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From: email@example.com [mailto:firstname.lastname@example.org]On Behalf Of
Jonathan R. Wagner
Sent: Thursday, July 27, 2000 6:06 PM
To: email@example.com; David.Krentz@disney.com; Dinogeorge@aol.com
Subject: Re: Kritosaurus?
They are almost certainly different species, although they seem to
approach each other morphologically. A specimen from the Bearpaw Shale is
probably notabilis, but has a very prominant, navajovius-like hump, so much
so that Horner has referred it to the latter species. I hope to see it soon.
If you regard them as congeners, this isn't really a problem... hard
to distinguish someone from themselves, no?
>Anasazisaurus, and Naashoibitosaurus.
... are without a single doubt specimens of K. navajovius, see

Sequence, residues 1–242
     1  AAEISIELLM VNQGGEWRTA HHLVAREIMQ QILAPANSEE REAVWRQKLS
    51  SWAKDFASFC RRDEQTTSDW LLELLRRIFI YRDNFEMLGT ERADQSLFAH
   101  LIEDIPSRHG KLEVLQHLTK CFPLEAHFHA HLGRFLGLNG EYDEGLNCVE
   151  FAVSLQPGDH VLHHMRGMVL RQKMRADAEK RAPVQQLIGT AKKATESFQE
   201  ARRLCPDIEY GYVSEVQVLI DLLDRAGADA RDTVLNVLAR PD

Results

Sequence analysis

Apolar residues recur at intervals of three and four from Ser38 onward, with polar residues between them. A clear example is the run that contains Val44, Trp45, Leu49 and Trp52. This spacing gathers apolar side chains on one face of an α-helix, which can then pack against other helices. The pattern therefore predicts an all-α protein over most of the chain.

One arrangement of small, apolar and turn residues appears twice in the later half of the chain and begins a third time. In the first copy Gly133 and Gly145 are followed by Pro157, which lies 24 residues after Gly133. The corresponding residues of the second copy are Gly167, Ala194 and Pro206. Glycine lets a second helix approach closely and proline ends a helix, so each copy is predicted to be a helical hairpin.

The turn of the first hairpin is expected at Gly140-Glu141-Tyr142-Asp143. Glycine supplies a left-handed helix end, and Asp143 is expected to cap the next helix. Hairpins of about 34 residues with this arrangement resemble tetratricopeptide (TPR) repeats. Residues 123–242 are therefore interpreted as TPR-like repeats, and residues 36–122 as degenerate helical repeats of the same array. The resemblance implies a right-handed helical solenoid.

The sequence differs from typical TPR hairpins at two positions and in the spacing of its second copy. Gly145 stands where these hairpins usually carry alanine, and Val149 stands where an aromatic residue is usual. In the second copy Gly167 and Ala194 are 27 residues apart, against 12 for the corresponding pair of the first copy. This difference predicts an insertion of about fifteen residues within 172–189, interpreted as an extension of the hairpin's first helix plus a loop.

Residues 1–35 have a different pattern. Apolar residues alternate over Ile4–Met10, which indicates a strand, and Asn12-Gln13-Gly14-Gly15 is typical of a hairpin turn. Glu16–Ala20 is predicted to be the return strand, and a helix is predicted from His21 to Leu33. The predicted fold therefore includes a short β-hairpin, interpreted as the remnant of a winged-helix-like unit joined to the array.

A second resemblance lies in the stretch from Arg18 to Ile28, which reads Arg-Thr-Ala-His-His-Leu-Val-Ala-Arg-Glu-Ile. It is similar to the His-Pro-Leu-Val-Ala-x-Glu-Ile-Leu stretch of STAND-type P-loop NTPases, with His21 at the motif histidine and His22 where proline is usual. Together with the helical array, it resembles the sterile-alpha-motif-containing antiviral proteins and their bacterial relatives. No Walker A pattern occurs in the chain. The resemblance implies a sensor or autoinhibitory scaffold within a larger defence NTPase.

Not if you talk to Spencer Lucas.
>Barring complications, use the name Gryposaurus for the
>familiar big-nosed hadrosaur species of the northwestern US, and
>Anasazisaurus or Naashoibitosaurus for the big-nosed hadrosaur species of
Sez you. Personally, I don't care if you decide the San Juan species
is different enough to warrant a separate genus (although that would be an
almost unbelievably fine hair to split), but let's not try to complicate the
situation further... there is NO evidence for more than one hadrosaurine
species in the (non-Naashoibito Member) Kirtland Shale. And
"Naashoibitosaurus" is not from the Naashoibito Member (see recent Willams
papers). Barring complications, let's eshew obfuscation and call it
Kritosaurus navajovius, a very old and well-established name with a long
history and much coverage in the literature. Leave your rulebooks at home
kids, come play science!
Again, not if you talk to Spencer Lucas.